Is the 'Great Green Wall' merely a mirage in Africa’s desert?
A 4,800-mile tree belt was intended to alleviate drought and poverty while also combating terrorism, however, with the 2030 deadline approaching, only 4% of the intended area has been planted.
The "Great Green Wall" plan is reportedly aimed at increasing the quantity of arable land in the Sahel region of Africa, which borders the Sahara Desert. Eleven countries are supposedly investing in projects ranging from agroforestry to long-term development.
However, the situation on the ground tells a different story.
The big picture
The tiny Senegalese village of Koyli Alpha is at the forefront of Africa's fight to revitalize the Sahel, a belt of parched territory beneath the Sahara that is one of the world's poorest and most inhospitable regions.
The “Great Green Wall” — perhaps the most audacious environmental project yet conceived — was meant to look two-thirds of the way through its intended development.
The grand plan was to combat climate change with a 4,831-mile vegetation belt stretching from Senegal on the Atlantic coast to Djibouti on the Red Sea.
The dream began in the 1970s, during a period of devastating drought in the Sahel. At the time, Thomas Sankara, the Marxist revolutionary who led Burkina Faso for most of the 1980s and was an early proponent of the concept, warned that making the sustainable change would take a "certain degree of craziness."
Since then, the necessity for a bold solution has only become stronger. Overgrazing and climate change have destroyed 80% of the Sahel in recent decades, converting large swaths of land to dust. Tens of thousands of people have made risky journeys to Europe and the Gulf to escape poverty and famine.
The "Great Green Wall" was launched in 2007 by leaders from 11 African countries. The hope was that this green defensive line, consisting of 100 million hectares of trees, would slow the advance of the Saharan sands, reducing hunger and poverty, increasing biodiversity, and stimulating local rainfall, while also reducing militants' recruitment and slowing waves of migration across the Sahel. The deadline for accomplishing this has been set for 2030.
Scientists estimate that if completed, the greenery may trap 250 million tonnes of CO2 each year, enough to balance all of London's car emissions for a decade. The United Nations, the European Union, the World Bank, and the African Union have all reportedly contributed to the project's finance. The United Nations has designated it as a potential world wonder.
15 years on, where does the Wall stand?
But, more than 15 years after the project's inception, escalating conflict in the Sahel and persistent funding challenges have thrown doubt on whether the ideal will ever be realized.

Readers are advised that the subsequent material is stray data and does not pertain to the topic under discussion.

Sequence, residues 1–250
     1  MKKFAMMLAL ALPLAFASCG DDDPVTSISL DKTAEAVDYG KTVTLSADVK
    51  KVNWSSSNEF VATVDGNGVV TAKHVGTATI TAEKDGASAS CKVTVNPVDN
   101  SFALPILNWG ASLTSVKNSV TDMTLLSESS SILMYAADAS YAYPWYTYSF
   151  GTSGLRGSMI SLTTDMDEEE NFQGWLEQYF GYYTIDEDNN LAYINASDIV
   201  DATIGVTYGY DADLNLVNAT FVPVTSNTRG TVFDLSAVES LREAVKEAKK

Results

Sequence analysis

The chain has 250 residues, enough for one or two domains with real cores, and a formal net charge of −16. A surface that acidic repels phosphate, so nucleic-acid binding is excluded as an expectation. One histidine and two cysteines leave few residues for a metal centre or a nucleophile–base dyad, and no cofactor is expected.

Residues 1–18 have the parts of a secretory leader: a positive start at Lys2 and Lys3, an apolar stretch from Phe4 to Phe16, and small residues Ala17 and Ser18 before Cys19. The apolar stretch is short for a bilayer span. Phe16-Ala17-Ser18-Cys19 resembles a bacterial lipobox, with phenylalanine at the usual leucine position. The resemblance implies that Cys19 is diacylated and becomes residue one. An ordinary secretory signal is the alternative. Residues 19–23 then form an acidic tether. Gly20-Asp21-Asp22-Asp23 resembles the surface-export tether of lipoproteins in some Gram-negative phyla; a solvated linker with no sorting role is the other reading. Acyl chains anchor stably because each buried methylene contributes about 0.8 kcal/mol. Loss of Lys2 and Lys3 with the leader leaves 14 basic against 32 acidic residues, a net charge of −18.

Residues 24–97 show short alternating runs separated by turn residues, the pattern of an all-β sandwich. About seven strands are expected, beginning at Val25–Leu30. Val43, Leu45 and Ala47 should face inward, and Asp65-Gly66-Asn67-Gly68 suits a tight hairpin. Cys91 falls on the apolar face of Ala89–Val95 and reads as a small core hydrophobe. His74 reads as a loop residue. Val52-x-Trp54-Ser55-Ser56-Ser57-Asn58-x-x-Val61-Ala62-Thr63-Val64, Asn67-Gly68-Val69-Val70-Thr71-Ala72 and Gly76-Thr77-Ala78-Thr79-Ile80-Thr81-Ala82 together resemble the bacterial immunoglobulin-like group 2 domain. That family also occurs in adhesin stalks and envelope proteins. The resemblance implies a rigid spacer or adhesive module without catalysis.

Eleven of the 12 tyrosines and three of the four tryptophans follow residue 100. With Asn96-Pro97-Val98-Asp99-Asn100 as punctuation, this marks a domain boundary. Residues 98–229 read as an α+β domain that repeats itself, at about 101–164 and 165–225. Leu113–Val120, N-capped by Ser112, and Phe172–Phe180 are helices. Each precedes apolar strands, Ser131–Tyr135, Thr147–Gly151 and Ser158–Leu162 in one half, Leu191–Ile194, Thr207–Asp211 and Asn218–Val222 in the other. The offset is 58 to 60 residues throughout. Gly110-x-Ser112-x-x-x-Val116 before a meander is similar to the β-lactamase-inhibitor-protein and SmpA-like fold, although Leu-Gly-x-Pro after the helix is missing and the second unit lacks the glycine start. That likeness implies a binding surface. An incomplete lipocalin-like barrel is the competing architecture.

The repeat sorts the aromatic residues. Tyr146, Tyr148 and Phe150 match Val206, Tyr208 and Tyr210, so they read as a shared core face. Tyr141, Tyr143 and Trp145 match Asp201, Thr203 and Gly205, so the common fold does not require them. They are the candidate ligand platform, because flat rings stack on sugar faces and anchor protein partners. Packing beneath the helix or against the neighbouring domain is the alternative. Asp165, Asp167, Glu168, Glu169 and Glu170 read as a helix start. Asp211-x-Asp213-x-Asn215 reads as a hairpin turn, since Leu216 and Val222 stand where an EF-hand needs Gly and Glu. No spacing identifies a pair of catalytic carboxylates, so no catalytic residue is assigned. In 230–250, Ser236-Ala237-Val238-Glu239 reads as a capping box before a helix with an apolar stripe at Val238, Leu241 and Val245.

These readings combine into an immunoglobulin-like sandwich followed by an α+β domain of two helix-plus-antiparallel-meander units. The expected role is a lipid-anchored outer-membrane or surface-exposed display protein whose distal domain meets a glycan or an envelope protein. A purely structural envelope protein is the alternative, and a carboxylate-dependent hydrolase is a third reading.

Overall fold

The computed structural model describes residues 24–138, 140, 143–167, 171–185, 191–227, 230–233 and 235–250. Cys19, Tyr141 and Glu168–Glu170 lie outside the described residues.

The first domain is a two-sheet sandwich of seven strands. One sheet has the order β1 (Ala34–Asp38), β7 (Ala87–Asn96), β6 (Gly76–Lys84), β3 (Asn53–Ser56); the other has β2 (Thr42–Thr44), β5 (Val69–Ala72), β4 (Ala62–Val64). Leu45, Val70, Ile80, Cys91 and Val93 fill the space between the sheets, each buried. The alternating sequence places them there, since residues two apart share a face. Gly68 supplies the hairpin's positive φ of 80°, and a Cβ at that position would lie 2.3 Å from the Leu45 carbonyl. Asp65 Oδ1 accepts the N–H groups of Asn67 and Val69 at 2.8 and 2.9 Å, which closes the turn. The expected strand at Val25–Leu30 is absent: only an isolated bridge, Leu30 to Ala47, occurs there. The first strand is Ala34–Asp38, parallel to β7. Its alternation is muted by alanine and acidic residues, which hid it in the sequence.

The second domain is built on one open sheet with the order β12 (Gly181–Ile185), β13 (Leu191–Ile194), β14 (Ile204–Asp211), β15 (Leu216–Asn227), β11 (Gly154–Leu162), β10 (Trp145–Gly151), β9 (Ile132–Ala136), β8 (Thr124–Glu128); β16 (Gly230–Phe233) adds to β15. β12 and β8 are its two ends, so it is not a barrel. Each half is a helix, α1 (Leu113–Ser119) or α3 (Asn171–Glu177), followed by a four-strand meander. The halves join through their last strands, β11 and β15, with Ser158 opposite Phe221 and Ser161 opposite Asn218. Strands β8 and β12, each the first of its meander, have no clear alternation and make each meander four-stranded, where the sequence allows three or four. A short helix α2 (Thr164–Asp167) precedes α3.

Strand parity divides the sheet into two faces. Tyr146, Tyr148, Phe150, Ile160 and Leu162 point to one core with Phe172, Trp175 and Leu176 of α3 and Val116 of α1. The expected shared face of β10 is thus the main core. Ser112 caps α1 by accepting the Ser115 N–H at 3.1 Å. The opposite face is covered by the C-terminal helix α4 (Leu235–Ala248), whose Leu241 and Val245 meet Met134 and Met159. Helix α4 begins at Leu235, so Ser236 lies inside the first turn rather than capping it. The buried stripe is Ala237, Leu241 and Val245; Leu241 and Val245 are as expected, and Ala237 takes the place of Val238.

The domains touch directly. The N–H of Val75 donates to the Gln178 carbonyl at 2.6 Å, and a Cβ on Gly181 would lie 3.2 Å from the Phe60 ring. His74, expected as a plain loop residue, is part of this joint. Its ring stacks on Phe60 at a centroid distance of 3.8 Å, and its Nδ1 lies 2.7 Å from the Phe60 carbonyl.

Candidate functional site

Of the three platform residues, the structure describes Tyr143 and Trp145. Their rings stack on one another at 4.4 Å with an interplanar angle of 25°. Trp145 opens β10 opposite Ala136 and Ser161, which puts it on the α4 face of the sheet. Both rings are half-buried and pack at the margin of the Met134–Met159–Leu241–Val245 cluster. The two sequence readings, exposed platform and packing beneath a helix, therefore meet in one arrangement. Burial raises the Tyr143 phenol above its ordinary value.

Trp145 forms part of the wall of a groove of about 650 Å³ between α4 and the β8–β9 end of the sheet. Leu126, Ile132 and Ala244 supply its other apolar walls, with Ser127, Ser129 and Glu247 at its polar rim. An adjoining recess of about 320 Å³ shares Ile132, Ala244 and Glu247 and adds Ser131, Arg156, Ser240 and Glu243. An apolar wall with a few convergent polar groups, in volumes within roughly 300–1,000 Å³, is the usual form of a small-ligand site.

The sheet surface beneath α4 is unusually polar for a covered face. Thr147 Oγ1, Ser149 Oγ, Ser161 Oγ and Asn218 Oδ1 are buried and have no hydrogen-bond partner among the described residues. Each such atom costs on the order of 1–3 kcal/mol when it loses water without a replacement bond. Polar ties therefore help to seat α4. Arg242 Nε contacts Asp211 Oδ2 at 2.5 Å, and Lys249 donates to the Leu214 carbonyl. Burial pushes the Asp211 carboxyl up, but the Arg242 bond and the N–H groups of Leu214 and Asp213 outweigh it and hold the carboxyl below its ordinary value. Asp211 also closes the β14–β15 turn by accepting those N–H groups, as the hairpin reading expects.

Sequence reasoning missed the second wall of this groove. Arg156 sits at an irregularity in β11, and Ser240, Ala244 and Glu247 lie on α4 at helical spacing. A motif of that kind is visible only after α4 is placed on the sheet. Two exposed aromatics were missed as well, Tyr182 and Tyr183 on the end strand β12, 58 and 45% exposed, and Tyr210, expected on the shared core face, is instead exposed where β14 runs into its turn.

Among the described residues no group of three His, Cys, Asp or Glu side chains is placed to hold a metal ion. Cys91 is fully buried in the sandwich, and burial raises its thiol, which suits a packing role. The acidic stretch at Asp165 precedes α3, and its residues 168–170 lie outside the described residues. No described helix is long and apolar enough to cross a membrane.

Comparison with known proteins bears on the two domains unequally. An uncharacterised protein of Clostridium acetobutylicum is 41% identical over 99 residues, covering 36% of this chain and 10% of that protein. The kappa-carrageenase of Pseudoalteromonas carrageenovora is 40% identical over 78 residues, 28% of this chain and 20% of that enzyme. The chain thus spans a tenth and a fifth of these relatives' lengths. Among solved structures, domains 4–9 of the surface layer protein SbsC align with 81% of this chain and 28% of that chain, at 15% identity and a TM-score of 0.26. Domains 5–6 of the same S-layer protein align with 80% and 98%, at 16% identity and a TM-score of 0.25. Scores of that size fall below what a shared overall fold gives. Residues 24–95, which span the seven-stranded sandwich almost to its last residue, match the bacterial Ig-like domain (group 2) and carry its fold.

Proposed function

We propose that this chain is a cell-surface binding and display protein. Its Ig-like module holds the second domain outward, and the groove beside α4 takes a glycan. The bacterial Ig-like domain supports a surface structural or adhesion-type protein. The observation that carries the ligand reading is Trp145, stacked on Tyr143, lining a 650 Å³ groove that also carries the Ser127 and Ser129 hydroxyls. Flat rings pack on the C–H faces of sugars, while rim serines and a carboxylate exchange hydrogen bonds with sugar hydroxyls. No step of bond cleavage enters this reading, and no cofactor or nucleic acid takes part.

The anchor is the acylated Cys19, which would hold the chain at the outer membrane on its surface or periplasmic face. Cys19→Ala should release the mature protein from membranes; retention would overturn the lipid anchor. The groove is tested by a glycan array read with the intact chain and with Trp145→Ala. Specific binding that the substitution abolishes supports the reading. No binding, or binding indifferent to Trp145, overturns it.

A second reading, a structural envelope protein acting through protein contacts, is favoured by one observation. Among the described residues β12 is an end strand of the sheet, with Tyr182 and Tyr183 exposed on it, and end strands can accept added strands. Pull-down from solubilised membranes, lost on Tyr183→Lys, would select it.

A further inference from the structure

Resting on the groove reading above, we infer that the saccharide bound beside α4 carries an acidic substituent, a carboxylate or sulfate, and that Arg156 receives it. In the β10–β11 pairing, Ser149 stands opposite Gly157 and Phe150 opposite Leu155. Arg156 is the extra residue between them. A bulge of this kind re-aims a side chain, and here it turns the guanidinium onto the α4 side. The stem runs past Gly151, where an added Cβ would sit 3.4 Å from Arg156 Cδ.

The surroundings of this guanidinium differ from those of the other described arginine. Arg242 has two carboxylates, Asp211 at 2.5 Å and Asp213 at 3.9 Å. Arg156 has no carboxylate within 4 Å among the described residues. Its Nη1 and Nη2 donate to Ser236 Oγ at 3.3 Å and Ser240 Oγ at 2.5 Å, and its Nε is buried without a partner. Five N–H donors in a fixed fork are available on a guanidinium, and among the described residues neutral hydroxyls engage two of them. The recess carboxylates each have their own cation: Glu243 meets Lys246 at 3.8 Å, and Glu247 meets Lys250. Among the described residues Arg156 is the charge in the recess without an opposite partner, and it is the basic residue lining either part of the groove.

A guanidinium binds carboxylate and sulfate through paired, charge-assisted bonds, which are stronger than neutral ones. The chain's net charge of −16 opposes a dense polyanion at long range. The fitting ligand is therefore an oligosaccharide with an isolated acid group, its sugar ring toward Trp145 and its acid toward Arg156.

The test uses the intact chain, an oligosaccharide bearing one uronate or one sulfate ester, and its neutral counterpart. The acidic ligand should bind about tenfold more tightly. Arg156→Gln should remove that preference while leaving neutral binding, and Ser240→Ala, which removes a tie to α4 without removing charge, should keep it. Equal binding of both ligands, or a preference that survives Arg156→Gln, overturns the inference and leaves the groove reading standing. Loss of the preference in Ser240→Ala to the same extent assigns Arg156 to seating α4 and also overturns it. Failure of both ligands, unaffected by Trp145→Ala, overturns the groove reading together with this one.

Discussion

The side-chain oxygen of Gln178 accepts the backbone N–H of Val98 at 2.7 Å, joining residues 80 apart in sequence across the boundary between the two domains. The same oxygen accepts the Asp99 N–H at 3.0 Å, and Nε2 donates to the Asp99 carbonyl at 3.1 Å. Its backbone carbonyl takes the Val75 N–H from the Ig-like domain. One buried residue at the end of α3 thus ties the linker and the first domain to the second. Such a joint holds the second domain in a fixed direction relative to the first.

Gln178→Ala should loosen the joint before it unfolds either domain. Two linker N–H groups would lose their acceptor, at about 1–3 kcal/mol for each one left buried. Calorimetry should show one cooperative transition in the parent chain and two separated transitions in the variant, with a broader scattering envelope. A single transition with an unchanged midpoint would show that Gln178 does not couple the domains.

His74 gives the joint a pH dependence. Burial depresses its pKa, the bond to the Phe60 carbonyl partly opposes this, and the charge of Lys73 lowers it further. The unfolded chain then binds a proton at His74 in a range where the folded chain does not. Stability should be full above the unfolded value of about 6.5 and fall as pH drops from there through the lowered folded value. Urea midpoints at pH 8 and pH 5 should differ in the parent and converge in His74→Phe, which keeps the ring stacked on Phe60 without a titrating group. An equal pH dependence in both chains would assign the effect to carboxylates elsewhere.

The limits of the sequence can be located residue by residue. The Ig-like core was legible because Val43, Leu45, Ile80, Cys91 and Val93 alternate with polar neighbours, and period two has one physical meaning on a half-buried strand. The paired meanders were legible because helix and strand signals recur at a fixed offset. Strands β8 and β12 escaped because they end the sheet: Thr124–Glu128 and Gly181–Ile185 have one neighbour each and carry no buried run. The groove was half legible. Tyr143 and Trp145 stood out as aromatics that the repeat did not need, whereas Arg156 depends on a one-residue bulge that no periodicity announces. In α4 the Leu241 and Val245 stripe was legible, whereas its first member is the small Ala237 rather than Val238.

The ambition has got to be reduced. The "Great Green Wall," which was originally envisioned as a continuous tree wall snaking through Senegal, Mauritania, Burkina Faso, Mali, Nigeria, Niger, Chad, Sudan, Ethiopia, Eritrea, and Djibouti, has now been reimagined as a "mosaic" of distinct ecological and agricultural projects carried out in collaboration with local communities.
Senegal has taken the lead, but it is unclear how many of the 12 million trees planted in the country since 2008 have survived. Nevertheless, the conflict in Mali has only just begun.
According to the most recent estimates from Ethiopia, one of the other major players, more than 5.5 billion seedlings have been planted on 151,000 hectares of new forest. Meanwhile, Chad has planted over a million trees. Tree Aid, an international development organization, claims that nearly three million individuals in five nations along the "Great Green Wall" have been trained in agroforestry, which might help them earn a living.
In 2021, the UN reported that 350,000 new employment had been created and 18 million hectares of land had been rehabilitated. Serious monitoring and evaluation, however, are impossible due to each country's own opaque Great Green Wall agency. Researchers do not yet know how the money invested is used.
According to projections, only 4% of the intended area has been covered two-thirds of the way through.
While the initiative tries to get traction, millions of people in a region dubbed "Planet Mars" continue to live on the edge. The Sahel region has been disproportionately affected by climate change, with temperatures rising by 1 degree Celsius since the 1970s. And if the pastoralists who reside throughout the region have nothing to feed their herds, the bits of the Great Green Wall that have developed will be eaten by their livestock.